2014, NR, 101 min. Directed by Neil Berkeley.
REVIEWED By Kimberley Jones, Fri., Oct. 24, 2014
Neil Berkeley must be magnetically pulled to mad geniuses. Following up his terrific portrait of artist Wayne White, 2012’s Beauty Is Embarrassing, Berkeley documents another color-outside-the-lines creative force, TV writer Dan Harmon (Community), as he embarks on a 20-city tour taping his popular Harmontown podcast in front of live audiences. Berkeley effectively mixes footage from the freewheeling performances and backstage ephemera with archival clips from Harmon’s often-troubled career (Heat Vision and Jack, The Sarah Silverman Program) and affectionate but frank testimonials from his friends and co-workers.
“A human hand grenade with a predilection for pulling his own pin out” (as John Oliver puts it), Harmon lets it all hang out for the camera: his black moods and shame spirals, that devastatingly sharp tongue, and a dizzying number of drinks poured. But Harmontown, a large-hearted film, also illustrates what Harmon calls “the misfit quality” that bonds him to his audience and his collaborators. Chief among those collaborators is scene-stealer Spencer Crittenden, a shy dungeon master who joins the show almost by accident and becomes a cult hero. You might not know what he means when one shiny-eyed fan squees to the camera, “Spencer signed my D20!” – but then again, you know exactly what he means. As much a portrait of a community as of its brilliant, de facto mayor, Harmontown is a stirring tribute to the restorative power of finding your people.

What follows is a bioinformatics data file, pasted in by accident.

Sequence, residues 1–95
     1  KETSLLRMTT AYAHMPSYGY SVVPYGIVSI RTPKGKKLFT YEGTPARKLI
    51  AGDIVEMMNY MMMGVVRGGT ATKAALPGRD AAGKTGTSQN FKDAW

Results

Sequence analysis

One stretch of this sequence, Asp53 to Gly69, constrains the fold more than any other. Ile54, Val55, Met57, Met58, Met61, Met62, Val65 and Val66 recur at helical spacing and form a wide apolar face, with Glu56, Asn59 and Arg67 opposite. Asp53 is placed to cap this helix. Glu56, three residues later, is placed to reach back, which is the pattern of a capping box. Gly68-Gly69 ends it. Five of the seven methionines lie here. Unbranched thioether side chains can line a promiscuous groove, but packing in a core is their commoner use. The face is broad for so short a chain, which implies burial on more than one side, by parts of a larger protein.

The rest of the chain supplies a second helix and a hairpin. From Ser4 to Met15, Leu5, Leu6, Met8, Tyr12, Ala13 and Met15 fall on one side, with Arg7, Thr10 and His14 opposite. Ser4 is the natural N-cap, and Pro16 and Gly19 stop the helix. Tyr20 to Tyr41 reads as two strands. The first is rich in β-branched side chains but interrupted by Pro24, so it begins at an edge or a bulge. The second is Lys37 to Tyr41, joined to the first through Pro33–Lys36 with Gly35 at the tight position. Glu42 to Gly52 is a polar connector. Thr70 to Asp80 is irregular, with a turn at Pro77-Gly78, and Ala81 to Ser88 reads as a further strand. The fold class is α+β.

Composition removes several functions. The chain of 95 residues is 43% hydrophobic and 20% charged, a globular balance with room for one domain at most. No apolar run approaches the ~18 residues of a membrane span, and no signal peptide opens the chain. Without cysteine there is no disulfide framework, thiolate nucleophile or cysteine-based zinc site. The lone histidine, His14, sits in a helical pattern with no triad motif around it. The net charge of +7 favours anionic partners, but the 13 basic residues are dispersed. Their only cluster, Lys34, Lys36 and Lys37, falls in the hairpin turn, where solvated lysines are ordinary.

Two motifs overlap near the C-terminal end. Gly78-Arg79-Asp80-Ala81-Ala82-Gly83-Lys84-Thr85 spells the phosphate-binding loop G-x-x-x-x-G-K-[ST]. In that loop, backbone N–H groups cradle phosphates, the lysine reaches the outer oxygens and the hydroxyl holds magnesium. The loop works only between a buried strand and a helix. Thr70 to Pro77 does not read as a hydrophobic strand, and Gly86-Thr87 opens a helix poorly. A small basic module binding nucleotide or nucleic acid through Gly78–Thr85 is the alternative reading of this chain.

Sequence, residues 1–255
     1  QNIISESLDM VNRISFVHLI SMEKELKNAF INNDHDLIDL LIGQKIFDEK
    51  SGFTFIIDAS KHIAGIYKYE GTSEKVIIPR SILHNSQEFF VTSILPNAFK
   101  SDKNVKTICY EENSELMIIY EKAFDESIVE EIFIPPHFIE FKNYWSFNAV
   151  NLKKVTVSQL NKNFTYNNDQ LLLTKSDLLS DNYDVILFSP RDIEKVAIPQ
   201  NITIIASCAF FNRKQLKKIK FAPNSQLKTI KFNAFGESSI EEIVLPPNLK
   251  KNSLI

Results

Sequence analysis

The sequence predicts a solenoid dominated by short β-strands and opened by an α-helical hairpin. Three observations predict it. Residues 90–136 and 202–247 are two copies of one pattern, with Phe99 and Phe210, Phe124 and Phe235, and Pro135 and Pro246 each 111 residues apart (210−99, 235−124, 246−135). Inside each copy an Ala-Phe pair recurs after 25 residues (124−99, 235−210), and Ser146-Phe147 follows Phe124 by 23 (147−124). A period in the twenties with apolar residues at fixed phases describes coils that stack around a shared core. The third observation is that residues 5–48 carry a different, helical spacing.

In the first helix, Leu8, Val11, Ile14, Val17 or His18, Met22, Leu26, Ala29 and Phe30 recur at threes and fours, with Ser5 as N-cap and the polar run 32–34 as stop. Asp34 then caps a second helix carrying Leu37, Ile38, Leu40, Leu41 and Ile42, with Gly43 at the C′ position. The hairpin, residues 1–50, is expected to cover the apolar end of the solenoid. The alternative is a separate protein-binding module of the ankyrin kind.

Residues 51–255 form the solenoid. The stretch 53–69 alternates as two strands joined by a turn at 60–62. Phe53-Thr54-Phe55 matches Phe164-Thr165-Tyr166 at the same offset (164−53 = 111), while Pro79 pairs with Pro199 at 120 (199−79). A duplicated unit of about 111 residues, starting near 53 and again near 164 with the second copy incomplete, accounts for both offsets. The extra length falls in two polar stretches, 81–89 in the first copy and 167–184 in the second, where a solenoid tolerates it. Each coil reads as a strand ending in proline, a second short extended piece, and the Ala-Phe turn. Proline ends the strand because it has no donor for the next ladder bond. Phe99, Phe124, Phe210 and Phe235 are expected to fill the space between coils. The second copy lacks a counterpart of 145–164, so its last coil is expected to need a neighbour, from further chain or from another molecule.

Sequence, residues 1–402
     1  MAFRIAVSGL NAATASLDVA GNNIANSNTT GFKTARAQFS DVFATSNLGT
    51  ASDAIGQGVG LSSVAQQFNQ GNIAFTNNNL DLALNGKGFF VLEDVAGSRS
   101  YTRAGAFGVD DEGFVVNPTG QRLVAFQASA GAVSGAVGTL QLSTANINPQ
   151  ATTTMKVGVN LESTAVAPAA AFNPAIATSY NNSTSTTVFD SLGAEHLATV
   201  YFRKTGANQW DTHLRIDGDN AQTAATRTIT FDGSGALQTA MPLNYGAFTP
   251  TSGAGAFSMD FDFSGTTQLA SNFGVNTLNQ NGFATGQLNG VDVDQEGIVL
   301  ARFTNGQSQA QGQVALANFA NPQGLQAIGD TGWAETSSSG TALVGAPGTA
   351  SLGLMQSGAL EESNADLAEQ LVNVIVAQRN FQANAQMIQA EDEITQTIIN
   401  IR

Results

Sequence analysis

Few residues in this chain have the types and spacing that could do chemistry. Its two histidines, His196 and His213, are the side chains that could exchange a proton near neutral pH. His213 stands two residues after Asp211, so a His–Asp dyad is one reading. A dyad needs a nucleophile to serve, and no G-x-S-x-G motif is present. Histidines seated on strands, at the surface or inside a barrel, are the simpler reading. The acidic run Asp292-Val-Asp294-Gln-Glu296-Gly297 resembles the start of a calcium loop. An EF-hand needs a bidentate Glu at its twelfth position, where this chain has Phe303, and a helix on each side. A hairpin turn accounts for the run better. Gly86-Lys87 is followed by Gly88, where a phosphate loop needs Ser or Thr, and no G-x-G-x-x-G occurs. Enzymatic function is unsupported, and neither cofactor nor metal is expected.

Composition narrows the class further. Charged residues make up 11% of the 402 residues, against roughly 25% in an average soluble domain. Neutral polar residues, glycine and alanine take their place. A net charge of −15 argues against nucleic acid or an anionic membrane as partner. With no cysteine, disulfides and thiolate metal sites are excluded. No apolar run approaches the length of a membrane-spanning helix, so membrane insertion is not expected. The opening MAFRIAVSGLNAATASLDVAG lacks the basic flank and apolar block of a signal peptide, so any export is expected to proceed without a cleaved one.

A version of this review appeared on March 9, 2014 when the movie had its world premiere at SXSW Film.